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post #1 of 4 (permalink) Old 10-30-2010, 02:20 PM Thread Starter
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Cold bluing?

So I have some bottles of stuff given to me for cold bluing and been playing with it on some scrape bare steel with a q-tip. Its like the first second it hits the metal it turns blue, but will turn greenish gray if you don't wipe it quickly. Anyone else played with cold bluing before? Can you get pro results as with traditional bluing? I have never blued a gun before, but sounds like a lot of trouble.
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post #2 of 4 (permalink) Old 10-30-2010, 02:55 PM
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Originally Posted by Frank View Post
So I have some bottles of stuff given to me for cold bluing and been playing with it on some scrape bare steel with a q-tip. Its like the first second it hits the metal it turns blue, but will turn greenish gray if you don't wipe it quickly. Anyone else played with cold bluing before? Can you get pro results as with traditional bluing? I have never blued a gun before, but sounds like a lot of trouble.
Spot bluing will be difficult, usually its best to sand and strip down the whole part. Use steel wool to prep and between coats. Generally the rougher the finish the darker it will be to an extent. High polish finishes are the most difficult. Also a good quality bluing is essential, brownells is good. When you apply, move real quick and even as to avoid blotches.
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post #3 of 4 (permalink) Old 11-03-2010, 01:17 PM
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I just bought a Birchwood Casey kit from Sports Authority for $15, comes with degreaser, rust/blue remover, and cold blue chemicals plus steel wool etc.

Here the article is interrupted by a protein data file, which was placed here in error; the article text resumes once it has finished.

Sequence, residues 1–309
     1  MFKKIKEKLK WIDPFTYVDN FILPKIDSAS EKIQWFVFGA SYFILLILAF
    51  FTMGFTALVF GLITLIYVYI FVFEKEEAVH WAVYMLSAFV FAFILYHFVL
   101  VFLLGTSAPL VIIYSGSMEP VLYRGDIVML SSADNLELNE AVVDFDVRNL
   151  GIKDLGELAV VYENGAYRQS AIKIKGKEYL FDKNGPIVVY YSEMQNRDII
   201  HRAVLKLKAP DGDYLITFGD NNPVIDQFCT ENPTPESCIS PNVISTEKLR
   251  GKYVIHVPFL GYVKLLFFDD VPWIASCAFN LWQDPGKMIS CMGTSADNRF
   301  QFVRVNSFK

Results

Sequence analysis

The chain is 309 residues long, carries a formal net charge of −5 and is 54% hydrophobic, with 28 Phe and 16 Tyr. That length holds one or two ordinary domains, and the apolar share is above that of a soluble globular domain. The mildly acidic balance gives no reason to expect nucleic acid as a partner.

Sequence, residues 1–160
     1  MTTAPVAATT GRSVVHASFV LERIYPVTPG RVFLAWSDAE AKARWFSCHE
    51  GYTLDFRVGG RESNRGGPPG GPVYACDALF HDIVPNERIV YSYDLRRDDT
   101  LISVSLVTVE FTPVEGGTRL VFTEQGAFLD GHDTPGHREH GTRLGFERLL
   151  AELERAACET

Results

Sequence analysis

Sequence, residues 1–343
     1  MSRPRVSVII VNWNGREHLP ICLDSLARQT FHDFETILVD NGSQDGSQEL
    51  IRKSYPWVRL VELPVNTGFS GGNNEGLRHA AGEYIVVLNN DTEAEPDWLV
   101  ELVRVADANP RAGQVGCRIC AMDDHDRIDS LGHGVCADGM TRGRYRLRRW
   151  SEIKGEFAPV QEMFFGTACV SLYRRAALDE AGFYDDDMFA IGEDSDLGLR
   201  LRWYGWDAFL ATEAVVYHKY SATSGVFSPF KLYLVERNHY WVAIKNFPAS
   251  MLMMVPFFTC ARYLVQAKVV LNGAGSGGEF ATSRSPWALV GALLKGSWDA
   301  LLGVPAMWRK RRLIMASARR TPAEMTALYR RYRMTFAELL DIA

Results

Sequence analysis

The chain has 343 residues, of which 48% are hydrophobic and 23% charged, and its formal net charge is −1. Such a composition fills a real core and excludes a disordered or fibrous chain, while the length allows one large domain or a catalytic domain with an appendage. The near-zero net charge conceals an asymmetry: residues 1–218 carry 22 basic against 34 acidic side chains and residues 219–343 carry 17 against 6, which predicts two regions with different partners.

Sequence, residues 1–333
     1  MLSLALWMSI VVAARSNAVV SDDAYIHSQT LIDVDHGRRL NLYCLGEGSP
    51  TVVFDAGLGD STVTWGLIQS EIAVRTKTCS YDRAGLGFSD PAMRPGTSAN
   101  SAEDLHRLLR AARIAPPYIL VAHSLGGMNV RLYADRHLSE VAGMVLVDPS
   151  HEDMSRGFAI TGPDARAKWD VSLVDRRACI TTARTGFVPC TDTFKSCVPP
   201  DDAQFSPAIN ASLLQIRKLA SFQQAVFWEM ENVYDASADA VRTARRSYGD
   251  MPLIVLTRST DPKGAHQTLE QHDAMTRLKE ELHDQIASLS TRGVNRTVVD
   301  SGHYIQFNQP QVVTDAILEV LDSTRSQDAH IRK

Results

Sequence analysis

I was on a gun site yesterday and they recommended Brownell's Oxpho blue as the best cold blue.

I am just trying to keep the deer rifle going another season. Most of the 'smiths I talk to said don't rely on a cold blue for long term quality protection.

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post #4 of 4 (permalink) Old 11-03-2010, 01:32 PM
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Originally Posted by GT98SVO View Post
I just bought a Birchwood Casey kit from Sports Authority for $15, comes with degreaser, rust/blue remover, and cold blue chemicals plus steel wool etc.

I was on a gun site yesterday and they recommended Brownell's Oxpho blue as the best cold blue.

I am just trying to keep the deer rifle going another season. Most of the 'smiths I talk to said don't rely on a cold blue for long term quality protection.
Oxpho is the bluing I was referring to. Sometimes cold bluing is the only option on certain metals. I refinished a shotgun recently that wouldn't take a uniform hot bluing. It's all I'm how you do it.
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